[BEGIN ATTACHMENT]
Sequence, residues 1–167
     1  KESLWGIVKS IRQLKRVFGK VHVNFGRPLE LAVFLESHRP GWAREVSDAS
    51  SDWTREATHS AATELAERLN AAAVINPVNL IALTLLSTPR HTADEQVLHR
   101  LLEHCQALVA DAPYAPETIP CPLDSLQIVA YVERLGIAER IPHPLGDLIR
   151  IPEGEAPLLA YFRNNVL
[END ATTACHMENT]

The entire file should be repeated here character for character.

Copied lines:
Sequence, residues 1–167
     1  KESLWGIVKS IRQLKRVFGK VHVNFGRPLE LAVFLESHRP GWAREVSDAS
    51  SDWTREATHS AATELAERLN AAAVINPVNL IALTLLSTPR HTADEQVLHR
   101  LLEHCQALVA DAPYAPETIP CPLDSLQIVA YVERLGIAER IPHPLGDLIR
   151  IPEGEAPLLA YFRNNVL